The pace is deliberate and the characterisation is secure, and there are no whizzy spaceships or flash-bang rabbits-out-of-a-hat special effects. But the slow build has the effect of convincing us in our belief that it really did happen as narrated by our reluctant hero.

The 'What If?' is developed as it should be, and we are left with the satisfaction of a good SF tale well told. It deserves its status as an SF Master-work.
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8 of 9 people found the following review helpful By A Customer on 23 Aug 2001
Format: Paperback
I always enjoy reading the 'What If?' scenarios of alternative histories, and this book eventually proved to be no exception, although it was a close call. The pace is very calm and slow, and at the end of the day, nothing much takes place, beyond the discussion of a few philosophical points about reality and destiny. This book is not for you if you want to read about events, rather than theories.
My only big complaint is that the author hasn't done much to flesh out the alternative routes his world has taken. A brief mention of a talented captain called 'Eisenhower' is about as much as we get - I would have liked to read more along these lines, if only for the novelty value of recognising familiar objects in an alien setting.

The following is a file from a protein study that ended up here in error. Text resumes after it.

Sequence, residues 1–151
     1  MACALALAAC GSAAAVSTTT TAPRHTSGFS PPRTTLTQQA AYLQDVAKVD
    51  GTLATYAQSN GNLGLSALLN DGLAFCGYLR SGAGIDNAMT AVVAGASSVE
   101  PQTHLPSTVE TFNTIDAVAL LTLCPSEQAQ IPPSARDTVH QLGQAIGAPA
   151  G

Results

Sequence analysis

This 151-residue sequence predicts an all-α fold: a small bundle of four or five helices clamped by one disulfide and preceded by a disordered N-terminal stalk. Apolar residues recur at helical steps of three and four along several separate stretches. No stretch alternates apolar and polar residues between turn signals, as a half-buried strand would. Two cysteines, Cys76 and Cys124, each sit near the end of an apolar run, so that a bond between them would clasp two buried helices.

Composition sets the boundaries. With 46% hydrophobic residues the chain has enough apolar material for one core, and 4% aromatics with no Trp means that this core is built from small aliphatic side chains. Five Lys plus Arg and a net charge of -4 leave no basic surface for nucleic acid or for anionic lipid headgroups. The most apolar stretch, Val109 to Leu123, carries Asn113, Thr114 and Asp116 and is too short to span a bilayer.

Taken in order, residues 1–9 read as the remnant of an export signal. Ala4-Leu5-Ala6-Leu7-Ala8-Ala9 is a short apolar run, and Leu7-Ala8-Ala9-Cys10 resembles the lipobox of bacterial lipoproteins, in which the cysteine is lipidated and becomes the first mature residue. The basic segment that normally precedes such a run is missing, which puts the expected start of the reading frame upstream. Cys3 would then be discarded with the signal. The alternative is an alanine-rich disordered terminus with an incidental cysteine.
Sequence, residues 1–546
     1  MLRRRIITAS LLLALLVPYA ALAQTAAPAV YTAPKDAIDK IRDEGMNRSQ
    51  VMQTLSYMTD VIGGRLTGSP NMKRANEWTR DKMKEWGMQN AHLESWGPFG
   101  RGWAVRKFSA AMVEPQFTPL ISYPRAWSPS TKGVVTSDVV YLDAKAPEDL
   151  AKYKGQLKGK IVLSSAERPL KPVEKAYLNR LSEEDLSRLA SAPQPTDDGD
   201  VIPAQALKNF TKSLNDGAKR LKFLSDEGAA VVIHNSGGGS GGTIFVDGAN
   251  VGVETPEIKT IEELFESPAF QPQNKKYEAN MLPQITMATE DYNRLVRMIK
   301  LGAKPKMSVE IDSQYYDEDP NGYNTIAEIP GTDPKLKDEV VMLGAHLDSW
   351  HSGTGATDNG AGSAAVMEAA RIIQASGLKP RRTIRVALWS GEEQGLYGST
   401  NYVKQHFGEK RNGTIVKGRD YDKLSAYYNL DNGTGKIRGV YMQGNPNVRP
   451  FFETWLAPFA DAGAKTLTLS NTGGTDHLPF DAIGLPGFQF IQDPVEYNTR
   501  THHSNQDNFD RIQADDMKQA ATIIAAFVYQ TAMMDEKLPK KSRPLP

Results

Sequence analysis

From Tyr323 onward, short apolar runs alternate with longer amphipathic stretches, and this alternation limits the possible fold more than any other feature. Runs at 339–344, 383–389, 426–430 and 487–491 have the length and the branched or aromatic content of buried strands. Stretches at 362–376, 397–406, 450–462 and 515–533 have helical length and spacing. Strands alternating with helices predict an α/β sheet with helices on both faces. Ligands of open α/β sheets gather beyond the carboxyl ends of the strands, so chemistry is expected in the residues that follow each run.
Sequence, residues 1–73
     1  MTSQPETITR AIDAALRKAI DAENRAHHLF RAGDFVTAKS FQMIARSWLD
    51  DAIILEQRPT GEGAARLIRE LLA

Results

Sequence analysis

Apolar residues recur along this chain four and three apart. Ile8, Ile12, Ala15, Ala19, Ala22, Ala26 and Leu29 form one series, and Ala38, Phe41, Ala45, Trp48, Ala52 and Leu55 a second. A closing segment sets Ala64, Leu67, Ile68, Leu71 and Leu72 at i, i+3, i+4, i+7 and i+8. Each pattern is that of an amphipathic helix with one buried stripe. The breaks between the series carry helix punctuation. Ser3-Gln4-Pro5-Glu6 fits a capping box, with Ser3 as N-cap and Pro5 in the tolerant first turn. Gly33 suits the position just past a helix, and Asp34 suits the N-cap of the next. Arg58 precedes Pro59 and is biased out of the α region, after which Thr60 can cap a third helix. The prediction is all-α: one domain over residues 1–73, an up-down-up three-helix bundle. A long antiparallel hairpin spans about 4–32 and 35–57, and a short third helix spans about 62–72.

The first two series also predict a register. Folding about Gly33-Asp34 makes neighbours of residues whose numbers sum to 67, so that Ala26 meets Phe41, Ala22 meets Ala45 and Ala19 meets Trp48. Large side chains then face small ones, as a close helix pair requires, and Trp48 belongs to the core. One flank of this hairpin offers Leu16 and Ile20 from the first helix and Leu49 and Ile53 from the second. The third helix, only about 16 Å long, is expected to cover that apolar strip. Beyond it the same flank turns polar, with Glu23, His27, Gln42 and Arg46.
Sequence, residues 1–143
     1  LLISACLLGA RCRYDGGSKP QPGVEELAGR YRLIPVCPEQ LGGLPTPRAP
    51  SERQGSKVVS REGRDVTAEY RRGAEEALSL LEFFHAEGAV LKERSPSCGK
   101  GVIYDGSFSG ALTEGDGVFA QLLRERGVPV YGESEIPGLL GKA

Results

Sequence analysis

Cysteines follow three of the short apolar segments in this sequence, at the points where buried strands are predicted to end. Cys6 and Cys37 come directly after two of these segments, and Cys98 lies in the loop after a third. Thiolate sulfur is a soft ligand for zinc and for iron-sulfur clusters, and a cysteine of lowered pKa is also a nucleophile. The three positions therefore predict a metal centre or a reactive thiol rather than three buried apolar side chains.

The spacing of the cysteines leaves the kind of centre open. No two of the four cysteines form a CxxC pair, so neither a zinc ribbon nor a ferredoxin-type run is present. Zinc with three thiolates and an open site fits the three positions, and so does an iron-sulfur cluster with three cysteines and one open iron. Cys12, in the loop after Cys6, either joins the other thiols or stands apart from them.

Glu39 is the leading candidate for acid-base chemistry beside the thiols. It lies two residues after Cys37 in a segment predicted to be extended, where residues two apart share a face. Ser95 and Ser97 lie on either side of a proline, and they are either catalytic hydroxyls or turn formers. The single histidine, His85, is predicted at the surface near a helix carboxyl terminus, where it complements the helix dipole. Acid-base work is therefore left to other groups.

An interesting foray into the world of alternative history, but by no means the best.
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2 of 2 people found the following review helpful By James Wells on 4 Oct 2010
Format: Paperback
It is possible to add a little padding. Had the Confederacy won the war, as in this novel, America wouldn't have moved far away from a plantation mentality.

The Allies only won WW1 against the newly modern scientific Germany by being able to import vast quantities of ammunition, fuel, food, arms, armour plate and eventually, fresh manpower from America.

Had America been unable to supply these goods it seems likely that Germany would have won WW1 and the dominant Eropean language would have been German rather than English.

Without the resentment over the treatment that Germany suffered as a result of losing WW1, Hitler would never have come to power and there may not even have been the vaster WW2.